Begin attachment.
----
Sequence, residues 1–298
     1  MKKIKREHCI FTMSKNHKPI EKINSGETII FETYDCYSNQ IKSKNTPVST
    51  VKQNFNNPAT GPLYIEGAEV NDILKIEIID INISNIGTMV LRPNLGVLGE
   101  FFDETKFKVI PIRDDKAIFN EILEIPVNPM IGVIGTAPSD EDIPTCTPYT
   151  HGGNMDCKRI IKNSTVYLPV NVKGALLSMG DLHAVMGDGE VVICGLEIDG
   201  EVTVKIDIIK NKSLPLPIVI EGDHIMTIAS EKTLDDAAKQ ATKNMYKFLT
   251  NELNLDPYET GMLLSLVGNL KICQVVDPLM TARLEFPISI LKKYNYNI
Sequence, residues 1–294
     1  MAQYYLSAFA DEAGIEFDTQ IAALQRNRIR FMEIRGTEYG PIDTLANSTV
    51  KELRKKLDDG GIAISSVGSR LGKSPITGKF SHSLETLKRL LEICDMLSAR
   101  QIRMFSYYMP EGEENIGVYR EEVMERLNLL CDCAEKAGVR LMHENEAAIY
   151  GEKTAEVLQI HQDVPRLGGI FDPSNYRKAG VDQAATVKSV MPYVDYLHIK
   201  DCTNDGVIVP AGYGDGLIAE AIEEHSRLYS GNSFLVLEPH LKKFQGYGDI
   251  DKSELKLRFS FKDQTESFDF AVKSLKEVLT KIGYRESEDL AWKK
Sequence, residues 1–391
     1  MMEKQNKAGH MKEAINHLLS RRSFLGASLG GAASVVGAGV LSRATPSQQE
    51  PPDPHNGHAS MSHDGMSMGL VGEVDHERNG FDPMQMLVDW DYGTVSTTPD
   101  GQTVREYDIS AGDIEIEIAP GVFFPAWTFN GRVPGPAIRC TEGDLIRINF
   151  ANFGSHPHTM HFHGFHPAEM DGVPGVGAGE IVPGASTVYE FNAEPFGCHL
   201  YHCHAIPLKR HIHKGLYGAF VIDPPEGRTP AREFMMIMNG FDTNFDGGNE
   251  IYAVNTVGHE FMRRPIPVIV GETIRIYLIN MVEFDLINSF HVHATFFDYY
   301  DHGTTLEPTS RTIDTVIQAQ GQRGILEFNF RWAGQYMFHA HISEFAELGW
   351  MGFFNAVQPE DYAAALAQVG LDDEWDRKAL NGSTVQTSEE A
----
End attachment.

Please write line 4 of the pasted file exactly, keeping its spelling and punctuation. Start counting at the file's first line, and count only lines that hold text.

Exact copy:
   101  FFDETKFKVI PIRDDKAIFN EILEIPVNPM IGVIGTAPSD EDIPTCTPYT